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WBUR’s four-part investigation into medical care in Massachusetts county jails found inmates suffering, and sometimes dying, as a result of poor medical care. Many of these people were awaiting trial when jail staff ignored their symptoms, thought they were lying or failed to recognize their dire conditions.
The details of these deaths are often kept secret by elected sheriffs, who are rarely held accountable when things go wrong. Here are some key takeaways from the series:
There were 195 deaths in Massachusetts jails from 2008 through 2018, WBUR found from numerous public record requests. Of those, 127 had medical causes. Another 65 were suicides. The remaining ones were homicides, or deaths with no details.
Of the deaths WBUR was able to examine in depth, one-third included allegations or evidence of poor medical care.
Neither the state nor the federal government accurately tracks deaths in county jails. During one nine-year period, our investigation found 37 more deaths than Massachusetts sheriffs had reported to the Department of Justice.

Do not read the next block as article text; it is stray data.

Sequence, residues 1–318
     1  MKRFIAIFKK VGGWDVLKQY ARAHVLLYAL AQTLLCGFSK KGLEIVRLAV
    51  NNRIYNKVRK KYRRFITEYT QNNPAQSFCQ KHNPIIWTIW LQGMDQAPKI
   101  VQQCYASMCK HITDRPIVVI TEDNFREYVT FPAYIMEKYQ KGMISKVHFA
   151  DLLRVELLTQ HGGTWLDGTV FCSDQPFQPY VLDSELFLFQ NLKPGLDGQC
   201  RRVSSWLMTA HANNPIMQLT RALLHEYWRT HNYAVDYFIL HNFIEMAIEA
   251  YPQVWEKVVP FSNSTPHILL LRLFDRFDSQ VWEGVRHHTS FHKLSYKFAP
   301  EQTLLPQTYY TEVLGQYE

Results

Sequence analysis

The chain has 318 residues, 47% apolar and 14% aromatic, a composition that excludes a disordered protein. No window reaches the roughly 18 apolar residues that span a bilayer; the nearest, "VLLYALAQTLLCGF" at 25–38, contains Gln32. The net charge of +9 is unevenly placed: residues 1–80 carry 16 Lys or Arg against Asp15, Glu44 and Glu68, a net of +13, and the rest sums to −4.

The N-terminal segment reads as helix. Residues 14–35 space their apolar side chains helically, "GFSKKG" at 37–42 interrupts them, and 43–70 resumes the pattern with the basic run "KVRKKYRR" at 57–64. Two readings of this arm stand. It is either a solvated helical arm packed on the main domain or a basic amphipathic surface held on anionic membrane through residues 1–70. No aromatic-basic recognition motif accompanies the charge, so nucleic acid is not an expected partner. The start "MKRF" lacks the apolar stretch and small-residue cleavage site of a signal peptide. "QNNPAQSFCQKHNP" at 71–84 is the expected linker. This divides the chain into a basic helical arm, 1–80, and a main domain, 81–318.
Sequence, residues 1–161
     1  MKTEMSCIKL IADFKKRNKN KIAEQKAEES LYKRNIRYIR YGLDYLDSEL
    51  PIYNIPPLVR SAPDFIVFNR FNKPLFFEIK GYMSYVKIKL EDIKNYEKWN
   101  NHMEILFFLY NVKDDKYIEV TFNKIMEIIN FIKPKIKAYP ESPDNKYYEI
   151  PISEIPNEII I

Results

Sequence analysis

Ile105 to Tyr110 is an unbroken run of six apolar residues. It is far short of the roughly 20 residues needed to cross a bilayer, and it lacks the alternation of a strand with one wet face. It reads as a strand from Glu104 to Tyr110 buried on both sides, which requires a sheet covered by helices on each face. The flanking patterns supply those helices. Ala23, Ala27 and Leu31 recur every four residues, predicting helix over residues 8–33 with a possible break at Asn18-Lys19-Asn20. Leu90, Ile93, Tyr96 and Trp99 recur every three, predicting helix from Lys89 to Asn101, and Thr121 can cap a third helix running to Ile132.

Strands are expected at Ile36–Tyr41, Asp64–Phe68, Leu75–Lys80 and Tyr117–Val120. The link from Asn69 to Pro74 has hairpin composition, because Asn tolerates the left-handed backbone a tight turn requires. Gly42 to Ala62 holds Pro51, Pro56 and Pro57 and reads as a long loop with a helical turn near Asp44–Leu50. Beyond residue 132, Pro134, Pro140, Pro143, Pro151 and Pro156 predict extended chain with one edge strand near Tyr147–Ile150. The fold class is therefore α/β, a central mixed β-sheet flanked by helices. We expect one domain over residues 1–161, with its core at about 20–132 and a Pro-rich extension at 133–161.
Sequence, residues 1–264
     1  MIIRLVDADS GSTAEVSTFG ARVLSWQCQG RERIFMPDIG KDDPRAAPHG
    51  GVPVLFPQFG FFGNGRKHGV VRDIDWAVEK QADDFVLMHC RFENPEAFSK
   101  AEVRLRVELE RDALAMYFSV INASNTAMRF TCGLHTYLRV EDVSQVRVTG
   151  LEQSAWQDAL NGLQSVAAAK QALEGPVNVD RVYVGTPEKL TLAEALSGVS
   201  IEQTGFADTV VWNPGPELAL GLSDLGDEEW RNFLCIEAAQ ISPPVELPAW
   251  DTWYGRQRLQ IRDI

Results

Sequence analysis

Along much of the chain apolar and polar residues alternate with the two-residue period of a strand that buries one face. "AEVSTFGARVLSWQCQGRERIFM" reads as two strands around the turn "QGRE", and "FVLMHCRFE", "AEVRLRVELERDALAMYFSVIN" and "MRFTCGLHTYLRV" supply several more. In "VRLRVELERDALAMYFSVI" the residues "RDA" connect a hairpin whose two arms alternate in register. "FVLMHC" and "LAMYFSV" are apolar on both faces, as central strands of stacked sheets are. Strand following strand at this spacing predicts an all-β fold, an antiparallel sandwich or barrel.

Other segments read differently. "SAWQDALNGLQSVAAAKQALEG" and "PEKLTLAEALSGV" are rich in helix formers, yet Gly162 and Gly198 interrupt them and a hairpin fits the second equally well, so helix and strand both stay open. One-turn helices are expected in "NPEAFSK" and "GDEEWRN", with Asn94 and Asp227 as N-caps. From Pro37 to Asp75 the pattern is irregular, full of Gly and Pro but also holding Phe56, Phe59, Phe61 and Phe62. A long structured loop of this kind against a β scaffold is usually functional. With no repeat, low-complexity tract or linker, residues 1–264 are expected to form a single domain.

Elected sheriffs in Massachusetts have broad autonomy, and face little oversight by others in government. When inmates die or get hurt in county jails, it’s often difficult for the public — and even inmates’ families — to learn the details of what happened. Internal jail reports are frequently hidden from view, or heavily redacted in records requests.
Private, for-profit companies now dominate the business of providing health care in jails. National enterprises like Wellpath Holdings and NaphCare Inc. provide medical staff and shoulder a portion of the liability when families sue. Across the country, these companies have secretly settled cases totaling millions of dollars.
In addition to the human toll for poor health care in jails, there is a financial cost. Taxpayers have footed the bill for millions of dollars in legal settlements over the past decade. These payments are not fully disclosed to the public, and are difficult to identify without prior knowledge of the cases.
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